The Court held “that an acknowledgment must be executed contemporaneously, although not necessarily simultaneously, with the party’s signing of the agreement.” This rule allowed for execution in counterparts and would allow for a reasonable delay between signing and acknowledgment. The Court recognized that there could be any number of practical reasons a party could not acknowledge his or her signature to a notary simultaneously with signing. “For example, a brief lapse in time between the signing and the acknowledgment before a notary or other official is reasonable when the official is not immediately available, such as during holidays and vacations or a party suffers from an illness or is unable to obtain time off from work.”

On the other hand, allowing the acknowledgment to be completed at any time:

would encourage a party to withhold acknowledgment and would allow that party to wait until they can reassess the terms based on changed economic standing and unanticipated events. Permitting Jack’s unreasonably delayed commitment would be at odds with the purpose of an antenuptial agreement under which both parties consider terms that are designed based on their respective personal and professional lives at the time of execution and their predictions of their future together, and not on actual events that transpire years into the marriage, including later economic success or failure.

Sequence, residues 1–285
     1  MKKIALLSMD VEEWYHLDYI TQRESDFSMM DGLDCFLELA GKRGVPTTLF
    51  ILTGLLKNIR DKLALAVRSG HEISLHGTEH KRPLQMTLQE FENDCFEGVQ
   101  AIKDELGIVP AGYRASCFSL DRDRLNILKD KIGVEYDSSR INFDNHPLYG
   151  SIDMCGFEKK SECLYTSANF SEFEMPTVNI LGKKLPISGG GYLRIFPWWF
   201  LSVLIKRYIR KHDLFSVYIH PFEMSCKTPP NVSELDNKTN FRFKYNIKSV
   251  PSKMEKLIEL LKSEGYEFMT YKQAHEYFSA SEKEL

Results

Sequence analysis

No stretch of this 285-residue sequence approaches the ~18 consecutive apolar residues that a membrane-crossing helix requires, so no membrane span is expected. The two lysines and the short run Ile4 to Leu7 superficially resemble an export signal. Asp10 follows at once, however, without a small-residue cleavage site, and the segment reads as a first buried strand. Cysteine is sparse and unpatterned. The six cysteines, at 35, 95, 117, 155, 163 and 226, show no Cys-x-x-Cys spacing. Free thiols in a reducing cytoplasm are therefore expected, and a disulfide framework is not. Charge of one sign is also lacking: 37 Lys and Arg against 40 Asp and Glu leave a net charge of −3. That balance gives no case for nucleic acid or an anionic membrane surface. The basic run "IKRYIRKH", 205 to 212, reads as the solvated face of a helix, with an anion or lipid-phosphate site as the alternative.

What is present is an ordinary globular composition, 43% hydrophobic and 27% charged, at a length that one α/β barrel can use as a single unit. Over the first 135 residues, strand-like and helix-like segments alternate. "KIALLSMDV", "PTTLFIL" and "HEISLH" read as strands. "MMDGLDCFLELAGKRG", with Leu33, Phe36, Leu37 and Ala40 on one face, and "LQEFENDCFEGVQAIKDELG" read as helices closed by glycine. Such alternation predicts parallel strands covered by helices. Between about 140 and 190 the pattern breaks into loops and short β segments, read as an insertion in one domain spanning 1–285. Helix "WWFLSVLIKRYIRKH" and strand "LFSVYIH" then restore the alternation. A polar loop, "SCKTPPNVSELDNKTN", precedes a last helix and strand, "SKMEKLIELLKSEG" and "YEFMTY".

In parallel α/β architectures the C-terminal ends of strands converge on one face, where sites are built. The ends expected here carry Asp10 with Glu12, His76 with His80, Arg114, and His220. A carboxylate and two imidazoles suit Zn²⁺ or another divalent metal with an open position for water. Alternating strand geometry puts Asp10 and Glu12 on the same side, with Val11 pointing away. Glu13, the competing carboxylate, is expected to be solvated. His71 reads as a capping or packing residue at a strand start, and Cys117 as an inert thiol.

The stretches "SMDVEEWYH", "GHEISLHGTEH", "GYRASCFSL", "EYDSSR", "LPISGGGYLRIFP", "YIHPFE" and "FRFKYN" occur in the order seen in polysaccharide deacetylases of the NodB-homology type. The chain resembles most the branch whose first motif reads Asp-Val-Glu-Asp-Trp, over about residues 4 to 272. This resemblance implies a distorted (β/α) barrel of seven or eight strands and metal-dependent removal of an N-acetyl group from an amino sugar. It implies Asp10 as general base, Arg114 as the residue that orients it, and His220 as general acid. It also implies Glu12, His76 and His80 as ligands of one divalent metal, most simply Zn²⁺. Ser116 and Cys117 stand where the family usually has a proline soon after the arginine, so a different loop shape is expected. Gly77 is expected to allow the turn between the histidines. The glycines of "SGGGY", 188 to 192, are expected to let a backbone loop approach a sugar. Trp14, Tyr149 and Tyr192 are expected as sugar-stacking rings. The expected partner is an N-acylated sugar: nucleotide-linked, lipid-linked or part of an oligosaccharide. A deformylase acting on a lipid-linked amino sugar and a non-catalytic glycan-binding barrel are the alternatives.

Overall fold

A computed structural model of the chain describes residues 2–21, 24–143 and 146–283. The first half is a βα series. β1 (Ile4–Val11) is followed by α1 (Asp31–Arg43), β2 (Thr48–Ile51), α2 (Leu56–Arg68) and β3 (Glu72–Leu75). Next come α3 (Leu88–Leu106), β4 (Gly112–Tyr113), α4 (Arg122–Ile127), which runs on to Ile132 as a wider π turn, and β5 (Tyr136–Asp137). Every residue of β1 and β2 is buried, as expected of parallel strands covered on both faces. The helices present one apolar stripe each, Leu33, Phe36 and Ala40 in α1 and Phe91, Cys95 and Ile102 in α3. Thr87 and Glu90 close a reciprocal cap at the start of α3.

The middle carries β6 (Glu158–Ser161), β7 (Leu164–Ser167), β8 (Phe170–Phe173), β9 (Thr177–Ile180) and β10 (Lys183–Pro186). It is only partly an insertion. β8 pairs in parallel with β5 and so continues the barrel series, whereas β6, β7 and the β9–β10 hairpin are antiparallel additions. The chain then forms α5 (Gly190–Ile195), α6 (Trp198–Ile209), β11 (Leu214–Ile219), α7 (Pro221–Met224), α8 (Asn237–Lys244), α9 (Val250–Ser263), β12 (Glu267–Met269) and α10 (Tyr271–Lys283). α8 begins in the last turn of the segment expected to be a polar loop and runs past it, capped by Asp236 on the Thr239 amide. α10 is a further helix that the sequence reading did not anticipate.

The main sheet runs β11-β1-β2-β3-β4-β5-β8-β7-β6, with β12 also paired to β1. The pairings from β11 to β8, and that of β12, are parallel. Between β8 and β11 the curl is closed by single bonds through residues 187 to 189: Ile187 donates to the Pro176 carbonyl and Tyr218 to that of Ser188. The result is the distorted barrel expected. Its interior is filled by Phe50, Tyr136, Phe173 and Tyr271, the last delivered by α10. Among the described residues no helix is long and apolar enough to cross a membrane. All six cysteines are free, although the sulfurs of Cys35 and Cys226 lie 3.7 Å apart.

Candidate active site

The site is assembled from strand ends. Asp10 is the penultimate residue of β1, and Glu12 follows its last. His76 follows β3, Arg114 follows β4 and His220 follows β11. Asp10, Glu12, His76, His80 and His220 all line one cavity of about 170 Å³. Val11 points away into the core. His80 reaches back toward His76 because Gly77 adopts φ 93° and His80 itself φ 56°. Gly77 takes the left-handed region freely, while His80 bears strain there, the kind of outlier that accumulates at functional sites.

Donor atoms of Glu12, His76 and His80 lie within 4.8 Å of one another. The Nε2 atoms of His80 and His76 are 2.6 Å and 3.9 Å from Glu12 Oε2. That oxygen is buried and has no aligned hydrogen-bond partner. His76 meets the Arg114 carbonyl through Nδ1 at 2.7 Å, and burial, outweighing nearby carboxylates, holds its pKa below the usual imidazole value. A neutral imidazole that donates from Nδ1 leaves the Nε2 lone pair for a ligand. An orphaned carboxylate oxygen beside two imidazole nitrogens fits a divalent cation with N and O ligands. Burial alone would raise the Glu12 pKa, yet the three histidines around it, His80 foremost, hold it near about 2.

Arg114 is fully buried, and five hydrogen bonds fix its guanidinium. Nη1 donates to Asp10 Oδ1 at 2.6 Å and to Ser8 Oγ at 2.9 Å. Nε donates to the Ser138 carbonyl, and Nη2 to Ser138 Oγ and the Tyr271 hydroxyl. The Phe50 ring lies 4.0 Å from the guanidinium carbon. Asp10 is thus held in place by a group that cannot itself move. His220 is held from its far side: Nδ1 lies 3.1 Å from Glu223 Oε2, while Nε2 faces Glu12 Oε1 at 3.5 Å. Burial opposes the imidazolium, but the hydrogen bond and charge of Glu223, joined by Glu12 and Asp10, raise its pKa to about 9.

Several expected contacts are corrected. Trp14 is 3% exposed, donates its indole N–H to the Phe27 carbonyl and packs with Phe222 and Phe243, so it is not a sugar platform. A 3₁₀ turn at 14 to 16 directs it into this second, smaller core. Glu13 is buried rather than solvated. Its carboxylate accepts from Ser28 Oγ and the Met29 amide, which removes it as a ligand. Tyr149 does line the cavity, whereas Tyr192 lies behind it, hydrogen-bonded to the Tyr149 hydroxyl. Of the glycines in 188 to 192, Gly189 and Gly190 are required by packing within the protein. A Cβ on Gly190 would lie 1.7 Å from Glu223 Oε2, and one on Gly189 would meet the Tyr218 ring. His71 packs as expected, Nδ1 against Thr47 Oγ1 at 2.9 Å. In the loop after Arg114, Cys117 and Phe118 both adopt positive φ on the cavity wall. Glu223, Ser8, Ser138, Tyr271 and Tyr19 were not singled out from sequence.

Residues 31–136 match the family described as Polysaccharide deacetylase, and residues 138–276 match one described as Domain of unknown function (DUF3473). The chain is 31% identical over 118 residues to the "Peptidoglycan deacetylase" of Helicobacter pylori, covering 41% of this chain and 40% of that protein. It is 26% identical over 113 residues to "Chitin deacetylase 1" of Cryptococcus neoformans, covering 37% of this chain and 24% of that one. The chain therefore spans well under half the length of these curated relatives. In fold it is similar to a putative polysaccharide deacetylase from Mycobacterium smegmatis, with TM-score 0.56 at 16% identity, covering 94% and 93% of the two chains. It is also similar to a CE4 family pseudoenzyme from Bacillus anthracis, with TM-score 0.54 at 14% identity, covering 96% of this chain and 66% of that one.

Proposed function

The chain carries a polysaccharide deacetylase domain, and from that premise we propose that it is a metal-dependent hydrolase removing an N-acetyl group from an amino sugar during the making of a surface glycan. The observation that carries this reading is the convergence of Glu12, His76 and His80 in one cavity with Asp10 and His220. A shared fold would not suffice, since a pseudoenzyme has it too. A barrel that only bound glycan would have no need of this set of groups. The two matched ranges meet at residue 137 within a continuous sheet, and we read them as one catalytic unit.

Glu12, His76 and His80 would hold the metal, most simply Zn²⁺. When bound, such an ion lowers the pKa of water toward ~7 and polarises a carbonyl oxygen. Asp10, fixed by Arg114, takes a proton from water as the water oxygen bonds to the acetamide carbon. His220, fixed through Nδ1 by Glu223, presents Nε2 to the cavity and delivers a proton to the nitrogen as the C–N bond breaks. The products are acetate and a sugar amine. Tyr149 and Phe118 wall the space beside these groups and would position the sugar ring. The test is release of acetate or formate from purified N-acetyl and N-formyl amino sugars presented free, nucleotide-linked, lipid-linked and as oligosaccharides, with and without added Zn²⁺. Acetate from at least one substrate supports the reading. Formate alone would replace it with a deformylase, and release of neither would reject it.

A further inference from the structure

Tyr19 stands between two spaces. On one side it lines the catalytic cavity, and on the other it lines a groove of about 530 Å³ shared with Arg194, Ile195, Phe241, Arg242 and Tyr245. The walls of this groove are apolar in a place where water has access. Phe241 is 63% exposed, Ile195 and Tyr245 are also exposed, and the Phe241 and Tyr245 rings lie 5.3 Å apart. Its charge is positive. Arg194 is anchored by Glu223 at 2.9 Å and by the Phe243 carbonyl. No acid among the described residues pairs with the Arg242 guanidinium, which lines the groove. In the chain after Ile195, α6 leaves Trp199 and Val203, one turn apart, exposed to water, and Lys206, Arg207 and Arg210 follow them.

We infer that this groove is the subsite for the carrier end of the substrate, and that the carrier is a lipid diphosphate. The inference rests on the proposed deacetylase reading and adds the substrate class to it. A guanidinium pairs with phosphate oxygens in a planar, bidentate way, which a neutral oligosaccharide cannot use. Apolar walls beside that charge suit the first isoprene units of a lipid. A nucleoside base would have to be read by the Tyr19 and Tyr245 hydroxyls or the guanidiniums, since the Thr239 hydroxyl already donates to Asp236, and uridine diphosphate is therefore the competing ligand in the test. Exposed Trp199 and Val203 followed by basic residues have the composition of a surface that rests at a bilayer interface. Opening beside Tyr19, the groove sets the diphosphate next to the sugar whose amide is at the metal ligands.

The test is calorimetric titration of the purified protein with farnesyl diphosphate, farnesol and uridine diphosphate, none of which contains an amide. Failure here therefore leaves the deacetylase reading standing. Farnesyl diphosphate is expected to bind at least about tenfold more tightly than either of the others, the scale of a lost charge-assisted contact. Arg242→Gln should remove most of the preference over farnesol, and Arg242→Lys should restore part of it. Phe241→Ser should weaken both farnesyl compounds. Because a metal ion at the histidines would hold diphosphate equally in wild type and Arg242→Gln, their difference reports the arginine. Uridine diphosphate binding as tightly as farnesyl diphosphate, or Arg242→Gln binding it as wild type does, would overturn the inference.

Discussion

A party cannot be allowed to delay his decision whether to be bound by the agreement until when he has “the benefit of hindsight and full knowledge of the parties’ respective economic positions shortly before filing for divorce.”

The Court held the Anderson’s agreement invalid and unenforceable.

On the other hand, the Court upheld the Koegel’s agreement.

There, approximately one month before their marriage, the Koegel’s entered an agreement that provided that neither party would claim any part of the other’s estate and both parties waived their respective elective or statutory share. The Husband died. His son filed a petition to probate his father’s Will. The wife attempted to invoke her elective share, arguing the prenuptial agreement was invalid because the acknowledgment certificate did not itself state that the notary knew the person acknowledging.

In opposition to the wife’s application, the son submitted separate written affirmations from the lawyers who had acknowledged the signing. The wife’s lawyer stated that he recalled taking her acknowledgment of her signature and that she did not need to provide proof of identification because she was known to him at the time; the husband’s lawyer stated the same with respect to the husband and his signature, and also explained the basis of his professional knowledge of the husband’s identity.

The Court upheld the agreement noting that here, due to no fault of the parties, the certificate of acknowledgment was defective or incomplete. As the acknowledgment by the party was proper, the defect in the certificate’s form could “be overcome with adequate evidence that the statutory requirements were met.” “This limited remedy avoids invalidating a nuptial agreement when the parties have done all that the DRL requires of them.”

In Anderson, Barbara A. Kilbridge, Esq., of Buffalo, represented the wife and Lyle T. Hajdu, Esq., of Lakewood, represented the husband.

In Koegel, Hon. Susan Phillips Read represented the husband’s estate and Andrew D. Himmel, Esq., of Manhattan, represented the wife.